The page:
1. Bribes and other corrupt practices have often become a daily part of life in most Latin American countries, rendering citizens callous to identifying corrupt practices. In order to enhance sensitization and awareness of corrupt practices educational initiatives for children and youth, inclusion of best-practices against corruption in university curricula (especially for business degrees and MBA’s) as well as trainings for professionals and executives could help to reestablish some degree of conscious resistance against corrupt business practices.

  1. Another cultural change companies can make to take serious steps in the fight against corruption is to know their supply chain. Too often have corporations distanced themselves from corrupt practices or even human rights or environmental violations by relaying responsibility on separate entities within their supply chain. A key element of Corporate Responsibility is thereby Supply Chain Management. Assessing vendors, contractors and other business relationships for integrity and corruption should become an industry standard.

  1. Experts have been advocating for a need for local private sector companies in Latin America to take on a greater role in self-regulating their own activities. The idea of self-regulation is based on the appreciation that companies are closer to and in a better position to not only detect and sanction offenses, but to most importantly prevent them. These incentives would reach beyond foreign-owned multinational corporations and include large local business groups "multi-latinas" (large Latin American-owned and operated companies), small- and medium-sized enterprises (SMEs) as well as state-owned companies. For self-regulation to be successful, a comprehensive compliance culture is of utmost importance. This includes a Chief Compliance Officer (CCO) with a supporting team, ability for the CCO to meaningfully shape the company culture, a code of conduct, whistleblower protection and most importantly an anti-corruption policy that includes clear principles, rules and sanctions.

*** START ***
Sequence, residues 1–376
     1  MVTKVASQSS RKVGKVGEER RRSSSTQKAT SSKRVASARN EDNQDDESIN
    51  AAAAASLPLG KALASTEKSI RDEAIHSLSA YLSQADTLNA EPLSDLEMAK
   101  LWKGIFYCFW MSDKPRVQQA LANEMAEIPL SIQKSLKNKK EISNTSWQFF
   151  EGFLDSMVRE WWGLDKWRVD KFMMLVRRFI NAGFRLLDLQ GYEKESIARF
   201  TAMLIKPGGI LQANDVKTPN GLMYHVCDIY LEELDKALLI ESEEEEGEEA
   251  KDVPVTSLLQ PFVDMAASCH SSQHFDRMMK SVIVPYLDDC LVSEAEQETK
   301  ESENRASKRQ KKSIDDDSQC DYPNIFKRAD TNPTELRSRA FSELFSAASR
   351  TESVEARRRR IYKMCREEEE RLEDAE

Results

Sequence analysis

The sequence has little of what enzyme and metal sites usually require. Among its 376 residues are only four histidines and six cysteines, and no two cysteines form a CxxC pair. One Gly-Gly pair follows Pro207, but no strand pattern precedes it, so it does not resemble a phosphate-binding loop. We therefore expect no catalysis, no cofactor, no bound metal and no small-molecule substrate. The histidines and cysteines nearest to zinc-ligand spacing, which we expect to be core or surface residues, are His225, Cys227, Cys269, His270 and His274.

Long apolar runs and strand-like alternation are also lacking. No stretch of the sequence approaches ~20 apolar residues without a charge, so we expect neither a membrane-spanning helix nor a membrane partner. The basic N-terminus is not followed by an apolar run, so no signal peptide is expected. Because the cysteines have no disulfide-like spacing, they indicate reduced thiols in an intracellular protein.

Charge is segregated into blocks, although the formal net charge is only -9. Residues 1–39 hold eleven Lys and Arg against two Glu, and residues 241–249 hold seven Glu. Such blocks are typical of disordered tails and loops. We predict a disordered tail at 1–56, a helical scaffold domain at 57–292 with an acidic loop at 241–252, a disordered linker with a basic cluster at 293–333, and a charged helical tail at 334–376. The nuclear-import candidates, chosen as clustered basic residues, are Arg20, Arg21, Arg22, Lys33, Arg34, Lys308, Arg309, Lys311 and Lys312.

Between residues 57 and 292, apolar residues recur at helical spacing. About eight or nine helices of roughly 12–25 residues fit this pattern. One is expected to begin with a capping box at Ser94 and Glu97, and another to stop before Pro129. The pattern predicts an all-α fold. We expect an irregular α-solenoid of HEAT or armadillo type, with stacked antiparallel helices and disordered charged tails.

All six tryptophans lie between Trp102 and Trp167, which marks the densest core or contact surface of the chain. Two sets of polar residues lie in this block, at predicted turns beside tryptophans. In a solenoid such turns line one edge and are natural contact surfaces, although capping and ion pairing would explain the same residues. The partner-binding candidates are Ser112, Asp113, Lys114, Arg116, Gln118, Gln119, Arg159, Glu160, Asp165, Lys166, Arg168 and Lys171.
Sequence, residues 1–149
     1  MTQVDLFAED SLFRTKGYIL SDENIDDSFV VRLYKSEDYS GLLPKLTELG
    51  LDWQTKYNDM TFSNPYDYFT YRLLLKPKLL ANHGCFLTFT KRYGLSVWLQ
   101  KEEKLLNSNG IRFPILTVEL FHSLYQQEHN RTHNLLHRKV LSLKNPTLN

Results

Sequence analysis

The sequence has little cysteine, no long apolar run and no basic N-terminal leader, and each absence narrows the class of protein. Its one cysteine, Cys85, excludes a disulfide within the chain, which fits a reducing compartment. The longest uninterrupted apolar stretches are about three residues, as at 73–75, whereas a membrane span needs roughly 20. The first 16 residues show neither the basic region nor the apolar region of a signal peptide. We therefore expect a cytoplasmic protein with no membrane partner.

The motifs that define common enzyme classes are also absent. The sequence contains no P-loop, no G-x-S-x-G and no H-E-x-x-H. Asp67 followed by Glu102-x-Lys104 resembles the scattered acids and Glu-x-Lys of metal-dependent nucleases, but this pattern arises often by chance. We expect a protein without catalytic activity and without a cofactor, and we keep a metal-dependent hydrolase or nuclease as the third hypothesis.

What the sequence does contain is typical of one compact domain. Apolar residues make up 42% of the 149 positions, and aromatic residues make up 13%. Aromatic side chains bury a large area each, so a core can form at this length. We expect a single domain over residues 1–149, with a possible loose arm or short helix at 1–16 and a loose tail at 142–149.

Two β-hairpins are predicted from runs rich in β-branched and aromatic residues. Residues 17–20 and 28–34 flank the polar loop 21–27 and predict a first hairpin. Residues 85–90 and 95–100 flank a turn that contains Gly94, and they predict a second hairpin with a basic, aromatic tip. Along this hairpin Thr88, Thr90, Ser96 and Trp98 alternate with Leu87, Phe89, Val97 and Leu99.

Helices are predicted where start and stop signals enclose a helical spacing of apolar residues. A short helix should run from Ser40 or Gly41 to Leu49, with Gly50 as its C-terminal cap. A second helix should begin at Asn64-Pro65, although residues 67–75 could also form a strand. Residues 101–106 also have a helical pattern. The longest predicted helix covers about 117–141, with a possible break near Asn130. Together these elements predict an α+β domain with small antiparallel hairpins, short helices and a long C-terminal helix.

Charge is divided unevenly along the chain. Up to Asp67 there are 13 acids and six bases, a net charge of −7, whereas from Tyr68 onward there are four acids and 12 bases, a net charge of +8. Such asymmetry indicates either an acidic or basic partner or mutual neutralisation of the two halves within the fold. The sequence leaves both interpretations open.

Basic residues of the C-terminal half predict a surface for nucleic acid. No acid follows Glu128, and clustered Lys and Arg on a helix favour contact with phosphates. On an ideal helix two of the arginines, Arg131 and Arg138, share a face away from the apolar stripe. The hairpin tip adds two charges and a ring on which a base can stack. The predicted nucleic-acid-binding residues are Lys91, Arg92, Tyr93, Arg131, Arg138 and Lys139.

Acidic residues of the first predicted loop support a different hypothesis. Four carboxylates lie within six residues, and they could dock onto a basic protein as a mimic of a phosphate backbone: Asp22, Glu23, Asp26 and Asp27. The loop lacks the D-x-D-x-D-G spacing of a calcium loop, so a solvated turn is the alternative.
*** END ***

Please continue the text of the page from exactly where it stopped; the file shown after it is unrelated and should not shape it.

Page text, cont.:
Perhaps the most important take away is that the private sector must be part of the solution and deserves a seat at the table. Public and private sectors are often inextricably linked in many industries, mutually affecting and inflicting behaviors on one another. The private sector furthermore organically shapes culture. A work place where integrity is valued helps to generate social mobilization against corruption trickling down into other spheres of life. Finally, due to the negative correlation between corruption and economic growth, the private sector should be regarded as a natural ally in the struggle against corruption.